# Applications of Differentiation to Functions and Graphs

# Applications of Differentiation to Functions and Graphs

## Stationary Points

- The points at which a function changes its direction are termed as
**stationary points**, which are points where the derivative equals zero. - By finding the derivative of a function and setting it equal to zero, the values of x which correspond to stationary points can be located.

## Types of Stationary Points

- There are three types of stationary points:
**maxima**,**minima**, and**points of inflection**. These are all points where the function’s gradient is zero. - A
**maximum**stationary point is a high point on the graph and is determined by the change of the sign of the derivative from positive to negative. - A
**minimum**stationary point is a low point on the graph is determined by the change in the derivative from negative to positive. - A
**point of inflection**signifies a change in the nature of the curve, usually from a curve that is concave upwards to concave downwards, or vice versa.

## Determining the Nature of Stationary Points

- The presence of a stationary point can be verified by taking the derivative of a function and setting it to zero, however, it does not disclose the nature of the stationary point whether it’s a maxima, minima or point of inflection.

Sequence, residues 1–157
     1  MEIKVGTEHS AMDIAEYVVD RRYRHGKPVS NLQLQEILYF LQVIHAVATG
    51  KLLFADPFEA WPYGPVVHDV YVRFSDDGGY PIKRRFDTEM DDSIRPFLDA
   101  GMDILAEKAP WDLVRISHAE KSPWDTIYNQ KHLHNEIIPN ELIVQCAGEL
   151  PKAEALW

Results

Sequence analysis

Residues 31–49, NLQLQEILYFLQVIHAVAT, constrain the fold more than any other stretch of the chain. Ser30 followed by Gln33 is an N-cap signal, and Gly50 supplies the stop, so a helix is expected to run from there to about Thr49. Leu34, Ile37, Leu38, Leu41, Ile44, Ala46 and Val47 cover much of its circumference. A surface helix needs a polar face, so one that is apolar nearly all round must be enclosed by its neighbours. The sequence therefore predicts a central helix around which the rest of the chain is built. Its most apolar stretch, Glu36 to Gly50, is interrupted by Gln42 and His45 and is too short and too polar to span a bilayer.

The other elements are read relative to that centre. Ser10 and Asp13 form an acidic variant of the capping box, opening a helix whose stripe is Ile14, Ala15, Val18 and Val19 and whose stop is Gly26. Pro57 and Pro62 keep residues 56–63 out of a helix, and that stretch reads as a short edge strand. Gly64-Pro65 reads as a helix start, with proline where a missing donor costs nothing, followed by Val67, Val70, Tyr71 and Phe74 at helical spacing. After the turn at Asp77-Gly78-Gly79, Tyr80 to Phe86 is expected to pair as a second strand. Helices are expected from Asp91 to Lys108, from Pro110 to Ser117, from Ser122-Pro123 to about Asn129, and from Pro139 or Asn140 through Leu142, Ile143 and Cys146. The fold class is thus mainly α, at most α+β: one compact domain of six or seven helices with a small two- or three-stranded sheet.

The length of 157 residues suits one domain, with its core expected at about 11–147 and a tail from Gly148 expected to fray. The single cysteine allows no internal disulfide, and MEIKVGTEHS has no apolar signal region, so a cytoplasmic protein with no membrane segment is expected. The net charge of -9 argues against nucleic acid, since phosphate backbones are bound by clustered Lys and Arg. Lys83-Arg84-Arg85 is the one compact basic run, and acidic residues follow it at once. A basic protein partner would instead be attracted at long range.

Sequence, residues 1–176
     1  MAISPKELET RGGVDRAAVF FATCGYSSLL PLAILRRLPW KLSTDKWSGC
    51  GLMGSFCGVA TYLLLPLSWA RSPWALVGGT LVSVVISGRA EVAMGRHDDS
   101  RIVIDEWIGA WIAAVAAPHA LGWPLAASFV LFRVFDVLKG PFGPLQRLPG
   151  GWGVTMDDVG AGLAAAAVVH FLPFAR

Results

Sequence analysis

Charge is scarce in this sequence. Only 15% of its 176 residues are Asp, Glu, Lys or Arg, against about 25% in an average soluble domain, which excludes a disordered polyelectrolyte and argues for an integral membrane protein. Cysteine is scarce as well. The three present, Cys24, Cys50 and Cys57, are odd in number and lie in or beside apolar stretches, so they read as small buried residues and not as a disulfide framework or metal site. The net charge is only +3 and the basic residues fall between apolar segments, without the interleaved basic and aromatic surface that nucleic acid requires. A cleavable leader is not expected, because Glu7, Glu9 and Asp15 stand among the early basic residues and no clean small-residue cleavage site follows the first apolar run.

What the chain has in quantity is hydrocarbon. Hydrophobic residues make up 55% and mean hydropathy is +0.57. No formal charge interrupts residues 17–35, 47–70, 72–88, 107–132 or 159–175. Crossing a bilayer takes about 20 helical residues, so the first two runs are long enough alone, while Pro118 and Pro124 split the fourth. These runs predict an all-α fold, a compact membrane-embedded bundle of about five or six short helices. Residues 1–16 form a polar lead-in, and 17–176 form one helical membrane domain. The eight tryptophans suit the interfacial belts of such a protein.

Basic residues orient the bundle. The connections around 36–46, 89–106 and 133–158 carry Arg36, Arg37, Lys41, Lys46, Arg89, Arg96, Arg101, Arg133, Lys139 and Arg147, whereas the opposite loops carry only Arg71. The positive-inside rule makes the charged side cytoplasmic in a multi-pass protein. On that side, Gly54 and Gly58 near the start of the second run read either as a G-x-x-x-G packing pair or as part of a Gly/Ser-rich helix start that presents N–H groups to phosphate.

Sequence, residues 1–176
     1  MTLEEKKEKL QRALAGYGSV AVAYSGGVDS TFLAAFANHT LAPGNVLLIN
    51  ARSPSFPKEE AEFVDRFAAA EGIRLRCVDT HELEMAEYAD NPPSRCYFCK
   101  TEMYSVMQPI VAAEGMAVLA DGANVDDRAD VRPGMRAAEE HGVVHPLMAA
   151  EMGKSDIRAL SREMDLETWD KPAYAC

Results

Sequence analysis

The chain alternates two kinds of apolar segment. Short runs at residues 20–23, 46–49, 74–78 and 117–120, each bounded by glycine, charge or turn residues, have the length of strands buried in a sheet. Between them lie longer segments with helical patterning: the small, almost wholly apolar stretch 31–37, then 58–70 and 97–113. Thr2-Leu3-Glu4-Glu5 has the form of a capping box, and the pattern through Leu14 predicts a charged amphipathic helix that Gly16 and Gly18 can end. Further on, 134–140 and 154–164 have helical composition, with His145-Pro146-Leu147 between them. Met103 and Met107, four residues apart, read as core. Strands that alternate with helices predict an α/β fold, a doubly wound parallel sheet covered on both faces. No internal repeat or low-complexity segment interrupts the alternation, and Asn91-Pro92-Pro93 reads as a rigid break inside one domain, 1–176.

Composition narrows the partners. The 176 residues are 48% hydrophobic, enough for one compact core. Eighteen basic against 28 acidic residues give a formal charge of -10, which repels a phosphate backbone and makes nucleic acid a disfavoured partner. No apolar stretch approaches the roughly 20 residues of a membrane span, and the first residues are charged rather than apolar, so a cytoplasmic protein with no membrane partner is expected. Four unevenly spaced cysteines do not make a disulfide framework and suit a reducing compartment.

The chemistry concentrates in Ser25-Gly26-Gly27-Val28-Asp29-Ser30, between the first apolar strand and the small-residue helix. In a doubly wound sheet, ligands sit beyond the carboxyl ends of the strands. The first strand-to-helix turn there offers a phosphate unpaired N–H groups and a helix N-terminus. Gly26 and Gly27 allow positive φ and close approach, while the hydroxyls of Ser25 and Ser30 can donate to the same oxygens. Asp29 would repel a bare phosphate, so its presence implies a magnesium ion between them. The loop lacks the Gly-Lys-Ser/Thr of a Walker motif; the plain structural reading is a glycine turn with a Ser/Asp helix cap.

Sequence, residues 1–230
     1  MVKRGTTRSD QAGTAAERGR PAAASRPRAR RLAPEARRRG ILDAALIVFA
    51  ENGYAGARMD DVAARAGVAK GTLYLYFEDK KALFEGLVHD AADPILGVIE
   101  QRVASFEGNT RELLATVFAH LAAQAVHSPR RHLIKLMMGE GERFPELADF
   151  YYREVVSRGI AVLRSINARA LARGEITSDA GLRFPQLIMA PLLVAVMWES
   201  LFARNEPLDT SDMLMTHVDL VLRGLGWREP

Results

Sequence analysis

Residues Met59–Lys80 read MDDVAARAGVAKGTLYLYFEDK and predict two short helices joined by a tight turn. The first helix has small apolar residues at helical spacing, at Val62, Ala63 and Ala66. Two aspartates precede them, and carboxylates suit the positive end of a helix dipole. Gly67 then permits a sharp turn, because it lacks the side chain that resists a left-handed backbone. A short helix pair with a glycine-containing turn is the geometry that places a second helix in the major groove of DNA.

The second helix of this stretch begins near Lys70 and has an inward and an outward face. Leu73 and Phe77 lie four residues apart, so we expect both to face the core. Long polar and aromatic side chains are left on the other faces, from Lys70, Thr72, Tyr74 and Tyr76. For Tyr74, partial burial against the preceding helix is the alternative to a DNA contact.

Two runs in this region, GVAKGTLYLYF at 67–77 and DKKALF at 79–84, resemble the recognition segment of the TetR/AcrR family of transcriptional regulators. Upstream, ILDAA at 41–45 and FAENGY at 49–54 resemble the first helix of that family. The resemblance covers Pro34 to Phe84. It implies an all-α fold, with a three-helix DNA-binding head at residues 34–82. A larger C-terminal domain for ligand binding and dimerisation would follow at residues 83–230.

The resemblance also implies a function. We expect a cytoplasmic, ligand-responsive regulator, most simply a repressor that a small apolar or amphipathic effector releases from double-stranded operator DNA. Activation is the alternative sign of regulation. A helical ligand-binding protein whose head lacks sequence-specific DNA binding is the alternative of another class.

- The
**Second Derivative Test**is useful to identify the nature of the stationary point. If f’‘(x) > 0, then f has a local minimum at x; if f’‘(x) < 0, then f has a local maximum at x; if f’‘(x) = 0, the test is inconclusive.

## Rate of Change

- Differentiation can be used to determine how rapidly a quantity is changing at a particular instant, this is termed as the
**rate of change**. - The derivative of a function provides the rate of change of the output value with respect to its input value.

## Optimisation Problems

- Differentiation is fundamentally used to solve
**optimisation problems**– problems where you have to make something as large or small as possible. - Many real-world problems in physics, engineering and economics can be modelled and solved using optimisation techniques, including maximising profit, minimising cost, or minimising waste.

## Sketching Curves

- It is crucial to understand how a graph of a function can be sketched using derivative information. The sketching involves determining
**critical points**,**intercepts**,**asymptotes**,**end behaviour**,**increasing / decreasing**nature, and**concavity**. - The Point of inflection can be found by finding second derivative and setting it to zero.
- By combining the information obtained from a function and its derivatives, a precise sketch can be created.